Ken Paxton’s Double Standard
The contrast is enlightening. Let’s compare the legal avenues open to Attorney General Ken Paxton in his criminal securities fraud cases to the police-state, judicial road-closings he argues for in his SB4, anti-sanctuary city federal petition.
Paxton faces three felony charges of violating Texas’ securities law. His high-paid lawyers (it’s great to be Attorney General!) have filed (and failed with) an unending series of motions to get rid of the judge, block a change of venue, challenge payments to special prosecutors, etc.
Lawyers in a functioning criminal justice system should pull out all the stops for their defendants, especially if their client has all the money he needs to pay them. The fact that most people don’t have Paxton’s resources to fight the good fight is one of those things we’d rather not think about as we pretend equality under the law.
Anyway, let’s look at just one of Paxton’s arguments in his filing that asks a federal court to declare constitutional the Legislature’s just-passed anti-sanctuary or “show me your papers” bill.
Paxton argues that SB4 does not violate the Fourth Amendment of the U.S. Constitution. This is the amendment that guards against police-state tactics by protecting us against unreasonable searches and seizures. Probable cause must be asserted before someone is arrested or jailed.
Paxton argues that Immigration and Customs Enforcement officers have the right to find probable cause and issue warrants all on their own, without seeking a warrant from a magistrate. It’s true there is something called a civil administrative warrant that gives ICE police limited ability to assert probable cause all on their own. Weirdly, this applies only in public places. They can only seize someone off the street. Can’t come into your home unless you invite them (hint: don’t invite them).
Paxton then asserts that the extra-judicial ability to find probable cause and issue “warrants” extends to local authorities under SB4, that is, in immigration matters. Furthermore, under SB4, should local authorities fail to abide by the new state “show me your papers” law – and ignore the Fourth Amendment – they themselves commit a criminal offense.
You read that right. Local officials – city council folk, county commissioners, jailers, law enforcement, etc. – who fail accede to ICE demands to detain people without warrants or probable cause commit a Class C misdemeanor under the law.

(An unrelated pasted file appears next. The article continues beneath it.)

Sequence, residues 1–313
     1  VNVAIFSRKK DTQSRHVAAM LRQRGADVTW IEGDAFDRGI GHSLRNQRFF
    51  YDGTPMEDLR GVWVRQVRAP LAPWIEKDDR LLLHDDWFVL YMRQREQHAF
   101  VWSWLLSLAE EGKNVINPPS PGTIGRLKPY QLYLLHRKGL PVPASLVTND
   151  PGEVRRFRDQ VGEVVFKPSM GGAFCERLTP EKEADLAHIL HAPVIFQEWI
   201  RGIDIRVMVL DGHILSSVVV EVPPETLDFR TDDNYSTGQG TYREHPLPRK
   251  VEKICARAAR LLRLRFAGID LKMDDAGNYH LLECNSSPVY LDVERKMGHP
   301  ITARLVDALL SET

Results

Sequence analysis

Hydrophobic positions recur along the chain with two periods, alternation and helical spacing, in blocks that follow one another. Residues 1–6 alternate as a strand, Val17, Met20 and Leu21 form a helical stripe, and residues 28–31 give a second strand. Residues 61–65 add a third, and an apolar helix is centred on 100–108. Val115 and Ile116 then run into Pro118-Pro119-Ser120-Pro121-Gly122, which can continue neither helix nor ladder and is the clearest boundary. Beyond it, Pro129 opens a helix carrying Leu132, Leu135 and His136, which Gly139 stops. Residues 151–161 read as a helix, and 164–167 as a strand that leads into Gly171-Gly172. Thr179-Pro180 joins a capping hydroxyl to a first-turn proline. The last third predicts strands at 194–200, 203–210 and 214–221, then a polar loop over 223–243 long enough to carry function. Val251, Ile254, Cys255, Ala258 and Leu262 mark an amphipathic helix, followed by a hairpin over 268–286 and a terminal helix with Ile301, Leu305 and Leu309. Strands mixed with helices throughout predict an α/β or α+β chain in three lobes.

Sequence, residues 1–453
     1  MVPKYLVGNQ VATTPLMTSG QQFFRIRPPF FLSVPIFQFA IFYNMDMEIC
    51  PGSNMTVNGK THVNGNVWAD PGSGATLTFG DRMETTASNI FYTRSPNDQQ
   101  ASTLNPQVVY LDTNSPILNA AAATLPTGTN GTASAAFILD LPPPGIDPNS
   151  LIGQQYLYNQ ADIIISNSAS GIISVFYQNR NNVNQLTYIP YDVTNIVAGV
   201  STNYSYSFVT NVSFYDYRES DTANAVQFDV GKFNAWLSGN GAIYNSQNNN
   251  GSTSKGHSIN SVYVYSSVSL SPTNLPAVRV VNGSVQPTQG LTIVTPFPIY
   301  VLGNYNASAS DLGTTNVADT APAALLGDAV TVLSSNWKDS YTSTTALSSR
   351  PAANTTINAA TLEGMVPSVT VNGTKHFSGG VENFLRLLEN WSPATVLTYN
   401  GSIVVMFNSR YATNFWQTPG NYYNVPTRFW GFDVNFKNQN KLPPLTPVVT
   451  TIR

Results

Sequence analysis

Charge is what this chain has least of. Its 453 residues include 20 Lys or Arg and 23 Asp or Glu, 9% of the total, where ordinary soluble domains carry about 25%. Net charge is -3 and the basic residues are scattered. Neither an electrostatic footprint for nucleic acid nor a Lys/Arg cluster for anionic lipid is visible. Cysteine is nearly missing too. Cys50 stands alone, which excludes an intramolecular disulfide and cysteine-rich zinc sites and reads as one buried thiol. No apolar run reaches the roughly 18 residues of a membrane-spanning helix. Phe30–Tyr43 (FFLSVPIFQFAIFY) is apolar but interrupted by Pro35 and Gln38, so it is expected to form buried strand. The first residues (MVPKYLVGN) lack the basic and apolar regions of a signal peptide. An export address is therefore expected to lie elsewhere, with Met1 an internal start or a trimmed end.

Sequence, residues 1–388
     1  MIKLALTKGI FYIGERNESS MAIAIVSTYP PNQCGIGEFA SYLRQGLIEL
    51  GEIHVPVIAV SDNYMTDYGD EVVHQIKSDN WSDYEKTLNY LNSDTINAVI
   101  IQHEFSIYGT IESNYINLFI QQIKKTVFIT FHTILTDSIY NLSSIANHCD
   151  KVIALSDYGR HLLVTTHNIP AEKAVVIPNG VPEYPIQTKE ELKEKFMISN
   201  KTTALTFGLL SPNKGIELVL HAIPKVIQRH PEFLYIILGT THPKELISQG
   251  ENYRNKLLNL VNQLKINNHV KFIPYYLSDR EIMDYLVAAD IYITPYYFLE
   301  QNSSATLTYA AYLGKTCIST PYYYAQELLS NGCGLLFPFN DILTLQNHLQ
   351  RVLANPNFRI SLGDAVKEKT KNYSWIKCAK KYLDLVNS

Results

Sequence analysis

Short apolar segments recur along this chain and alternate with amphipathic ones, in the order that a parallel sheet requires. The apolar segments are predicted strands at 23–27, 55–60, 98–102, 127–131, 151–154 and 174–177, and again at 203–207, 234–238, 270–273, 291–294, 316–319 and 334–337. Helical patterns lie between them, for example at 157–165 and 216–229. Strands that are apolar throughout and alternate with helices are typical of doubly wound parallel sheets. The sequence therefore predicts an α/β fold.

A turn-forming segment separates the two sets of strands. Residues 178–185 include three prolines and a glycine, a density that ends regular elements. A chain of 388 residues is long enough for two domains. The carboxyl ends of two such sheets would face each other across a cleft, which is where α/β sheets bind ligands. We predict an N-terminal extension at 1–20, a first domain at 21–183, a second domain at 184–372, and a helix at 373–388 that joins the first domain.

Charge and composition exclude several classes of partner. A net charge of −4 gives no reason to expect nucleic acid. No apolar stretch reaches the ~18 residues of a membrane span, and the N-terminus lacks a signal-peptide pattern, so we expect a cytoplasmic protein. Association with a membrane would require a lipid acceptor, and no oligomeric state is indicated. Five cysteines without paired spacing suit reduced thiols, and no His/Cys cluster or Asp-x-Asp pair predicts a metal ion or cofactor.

We have to assume that probable cause and warrants aren’t necessary in these cases, either. Fourth Amendment-honoring local officials can also be removed from office for their love of the Constitution.
Here’s where the contrast with Paxton’s rights and legal remedies and his view of others’ rights and legal remedies becomes crystal clear. In Paxton’s view, you or I can be searched, seized, detained and shipped off to an unnamed detention facility – probably privately owned by well-healed political contributors – for an undetermined amount of time.
Lawyers can’t find us and we can’t find lawyers. Our families will wonder where we’ve gone. There is, under SB4 and Paxton’s defense of SB4, no remedy. We have to wonder what Paxton would have to say if we’d applied these practices in his own criminal cases? He might be awaiting trial by busting rocks under the hot sun in an undisclosed location where even his lawyers couldn’t find him.
It’s important to note that ICE police often ask local officials to jail people ICE wants to check up on. ICE doesn’t show probable cause. They just want someone jailed while they supposedly check out their immigration status.
Now, some non-brown-skinned people may be thinking, “Well, this won’t apply to me. I’m not from Mexico. I’m not Muslim. My grandfather is from Norway. I’m as pale-skinned as they come. Why worry?”
Well, first you should examine your racial attitudes. But, you should also consider very carefully what happens in the future once the Fourth Amendment has been scrapped for any purpose at all. Explain to yourself how the Fourth Amendment can be erased for one purpose and not another. Once it’s gone, it’s gone. For you, too.
Do you really want to live in a state or country that doesn’t protect you from unreasonable searches and seizures? What about a country or state that’s worse than that, one that criminally punishes local officials who refuse to ignore the Fourth Amendment and unreasonably search or imprison you?
This is what SB4 does and it is what Paxton argues for. So very different from the legal protections Paxton seeks for himself.